White Weewoos don't exist. *shifty eyes* Circulation: 99,729,623 Issue: 198 | 8th day of Swimming, Y7
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Paths Not Seen: Part One


by fierwym

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Part One:

The Voice

He could feel the sunlight on his scales. It was warm and soft, entering from the realm of winter and passing through the budding spring, warming each day with the approach of summer. He sighed, closing his eyes. His eyes. His eyes. Why did it have to be his eyes? The awful memory resurfaced in his mind. What fear, what terrible fear! What terrible pain! And then that awful darkness, darkness so great that even to this day it wore upon his heart, even years gone. Years gone.

     Gone.

     "Steven, you have that look on your face again. It's not good when you get that look."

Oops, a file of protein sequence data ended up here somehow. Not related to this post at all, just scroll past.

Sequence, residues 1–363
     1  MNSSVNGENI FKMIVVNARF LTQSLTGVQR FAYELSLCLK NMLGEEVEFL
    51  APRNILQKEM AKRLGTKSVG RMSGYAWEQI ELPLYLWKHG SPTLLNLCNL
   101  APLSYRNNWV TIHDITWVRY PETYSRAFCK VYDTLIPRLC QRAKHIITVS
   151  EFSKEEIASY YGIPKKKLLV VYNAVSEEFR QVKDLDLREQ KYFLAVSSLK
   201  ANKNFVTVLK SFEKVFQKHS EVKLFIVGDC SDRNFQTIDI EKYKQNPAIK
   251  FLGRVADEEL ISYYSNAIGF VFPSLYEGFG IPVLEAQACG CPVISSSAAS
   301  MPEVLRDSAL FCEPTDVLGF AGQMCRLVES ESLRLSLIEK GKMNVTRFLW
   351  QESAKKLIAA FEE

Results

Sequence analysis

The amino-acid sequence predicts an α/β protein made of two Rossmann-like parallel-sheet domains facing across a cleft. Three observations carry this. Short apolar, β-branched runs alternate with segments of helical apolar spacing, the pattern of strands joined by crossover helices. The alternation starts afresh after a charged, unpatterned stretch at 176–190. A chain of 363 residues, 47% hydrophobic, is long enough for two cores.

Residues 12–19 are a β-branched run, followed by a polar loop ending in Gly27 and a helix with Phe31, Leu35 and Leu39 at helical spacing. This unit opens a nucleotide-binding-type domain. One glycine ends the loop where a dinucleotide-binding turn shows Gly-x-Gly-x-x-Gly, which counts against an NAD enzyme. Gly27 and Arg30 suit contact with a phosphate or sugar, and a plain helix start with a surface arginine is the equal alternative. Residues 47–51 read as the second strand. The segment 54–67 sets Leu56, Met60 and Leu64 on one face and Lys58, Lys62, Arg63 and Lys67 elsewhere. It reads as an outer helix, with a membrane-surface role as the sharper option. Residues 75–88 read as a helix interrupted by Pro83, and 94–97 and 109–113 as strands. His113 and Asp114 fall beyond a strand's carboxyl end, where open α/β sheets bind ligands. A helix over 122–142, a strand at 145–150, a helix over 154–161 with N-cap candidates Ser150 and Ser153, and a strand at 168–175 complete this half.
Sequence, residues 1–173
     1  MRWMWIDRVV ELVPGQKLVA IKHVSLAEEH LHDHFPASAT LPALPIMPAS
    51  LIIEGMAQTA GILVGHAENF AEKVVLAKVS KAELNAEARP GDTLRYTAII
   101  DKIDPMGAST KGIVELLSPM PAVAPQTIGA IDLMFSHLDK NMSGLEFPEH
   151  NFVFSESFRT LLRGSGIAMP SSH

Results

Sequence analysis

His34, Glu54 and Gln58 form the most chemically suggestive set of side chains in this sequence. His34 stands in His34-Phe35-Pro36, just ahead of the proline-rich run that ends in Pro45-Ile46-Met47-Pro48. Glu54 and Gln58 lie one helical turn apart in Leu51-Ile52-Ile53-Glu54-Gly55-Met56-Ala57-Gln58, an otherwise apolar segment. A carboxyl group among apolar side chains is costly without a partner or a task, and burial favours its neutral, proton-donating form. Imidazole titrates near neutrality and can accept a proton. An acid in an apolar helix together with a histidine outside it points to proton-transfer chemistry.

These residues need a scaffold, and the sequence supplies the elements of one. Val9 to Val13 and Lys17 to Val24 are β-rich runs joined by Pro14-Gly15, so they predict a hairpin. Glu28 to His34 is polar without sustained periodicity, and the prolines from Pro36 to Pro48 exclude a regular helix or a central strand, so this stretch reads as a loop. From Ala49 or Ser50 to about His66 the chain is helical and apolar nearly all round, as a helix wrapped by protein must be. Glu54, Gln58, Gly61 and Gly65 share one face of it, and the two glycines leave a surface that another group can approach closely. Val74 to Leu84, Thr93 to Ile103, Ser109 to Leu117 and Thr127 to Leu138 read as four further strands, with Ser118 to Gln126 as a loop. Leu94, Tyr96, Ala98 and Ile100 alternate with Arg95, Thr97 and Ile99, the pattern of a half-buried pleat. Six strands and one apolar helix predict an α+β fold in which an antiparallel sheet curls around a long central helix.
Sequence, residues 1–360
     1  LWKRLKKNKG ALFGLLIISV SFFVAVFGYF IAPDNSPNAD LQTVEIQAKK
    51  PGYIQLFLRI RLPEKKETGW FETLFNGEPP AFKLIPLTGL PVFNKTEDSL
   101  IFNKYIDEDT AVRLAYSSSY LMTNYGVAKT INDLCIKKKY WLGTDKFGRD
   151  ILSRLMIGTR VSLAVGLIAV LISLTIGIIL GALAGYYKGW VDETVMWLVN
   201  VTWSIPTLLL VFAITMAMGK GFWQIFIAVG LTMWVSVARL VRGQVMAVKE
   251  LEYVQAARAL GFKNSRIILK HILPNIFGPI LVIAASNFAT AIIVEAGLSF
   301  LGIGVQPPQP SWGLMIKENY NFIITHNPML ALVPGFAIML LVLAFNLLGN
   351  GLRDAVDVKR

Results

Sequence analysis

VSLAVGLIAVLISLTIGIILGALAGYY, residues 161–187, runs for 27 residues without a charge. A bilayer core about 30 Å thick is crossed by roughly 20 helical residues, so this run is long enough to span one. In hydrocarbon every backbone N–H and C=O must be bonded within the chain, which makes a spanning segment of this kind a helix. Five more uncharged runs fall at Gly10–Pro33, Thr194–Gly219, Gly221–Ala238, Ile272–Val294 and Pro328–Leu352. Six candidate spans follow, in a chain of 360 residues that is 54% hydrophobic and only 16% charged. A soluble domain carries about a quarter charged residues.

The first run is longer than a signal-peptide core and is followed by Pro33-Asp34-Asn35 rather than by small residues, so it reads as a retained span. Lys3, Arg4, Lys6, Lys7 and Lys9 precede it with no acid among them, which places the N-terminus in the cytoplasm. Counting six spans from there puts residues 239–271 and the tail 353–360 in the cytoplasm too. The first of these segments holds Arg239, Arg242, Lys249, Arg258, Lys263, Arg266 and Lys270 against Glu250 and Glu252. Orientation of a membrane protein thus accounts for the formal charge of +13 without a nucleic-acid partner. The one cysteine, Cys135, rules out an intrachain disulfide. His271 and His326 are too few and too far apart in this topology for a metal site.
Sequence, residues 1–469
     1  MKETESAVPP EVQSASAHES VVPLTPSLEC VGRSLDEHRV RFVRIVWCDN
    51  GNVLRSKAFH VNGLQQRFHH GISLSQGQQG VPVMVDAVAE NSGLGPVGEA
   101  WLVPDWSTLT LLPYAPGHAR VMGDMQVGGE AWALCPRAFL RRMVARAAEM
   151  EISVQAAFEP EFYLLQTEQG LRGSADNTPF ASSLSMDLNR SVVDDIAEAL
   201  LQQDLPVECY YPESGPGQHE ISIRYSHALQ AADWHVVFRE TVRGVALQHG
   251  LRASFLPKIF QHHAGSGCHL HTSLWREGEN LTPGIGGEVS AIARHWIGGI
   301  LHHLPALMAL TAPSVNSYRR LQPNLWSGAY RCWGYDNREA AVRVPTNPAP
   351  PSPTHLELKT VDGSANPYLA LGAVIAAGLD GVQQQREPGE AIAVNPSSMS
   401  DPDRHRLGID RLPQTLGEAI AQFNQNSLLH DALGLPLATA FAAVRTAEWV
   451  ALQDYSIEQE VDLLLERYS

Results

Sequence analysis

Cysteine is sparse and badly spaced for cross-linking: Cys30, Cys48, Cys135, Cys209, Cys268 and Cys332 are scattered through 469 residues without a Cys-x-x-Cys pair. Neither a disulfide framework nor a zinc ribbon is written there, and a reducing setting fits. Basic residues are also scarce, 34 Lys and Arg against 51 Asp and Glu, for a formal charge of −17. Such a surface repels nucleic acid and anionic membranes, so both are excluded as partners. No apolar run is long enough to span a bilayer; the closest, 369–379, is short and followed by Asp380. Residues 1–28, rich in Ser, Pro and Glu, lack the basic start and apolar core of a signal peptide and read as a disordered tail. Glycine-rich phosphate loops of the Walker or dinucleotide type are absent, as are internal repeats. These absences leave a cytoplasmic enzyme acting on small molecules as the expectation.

The young yellow Krawk sighed again, opening his eyes. Not that opening them made a difference. He could see about as well with them open as he could when they were closed.

     He turned his blind, silver eyes toward the voice, the voice of his best friend since hatchling-hood. The Krawk was his brother, and what Steven could remember from his childhood, he was a blue Krawk. Steven had not always been blind. No. It was that day. That horrible day.

     "You're still thinking about it," his brother's gentle voice said.

     "How can I not?" the soft, whispering voice of Steven asked. "It haunts me, Jem."

     "I know," Jem replied, voice sad. Steven had the feeling that Jem was looking at him now. He could hear the footsteps of his older brother crunching in the sand of the beach they walked across. He could hear the waves of the sea some ten yards to his right. He could feel the warmth of the sun, sinking lower into the sky.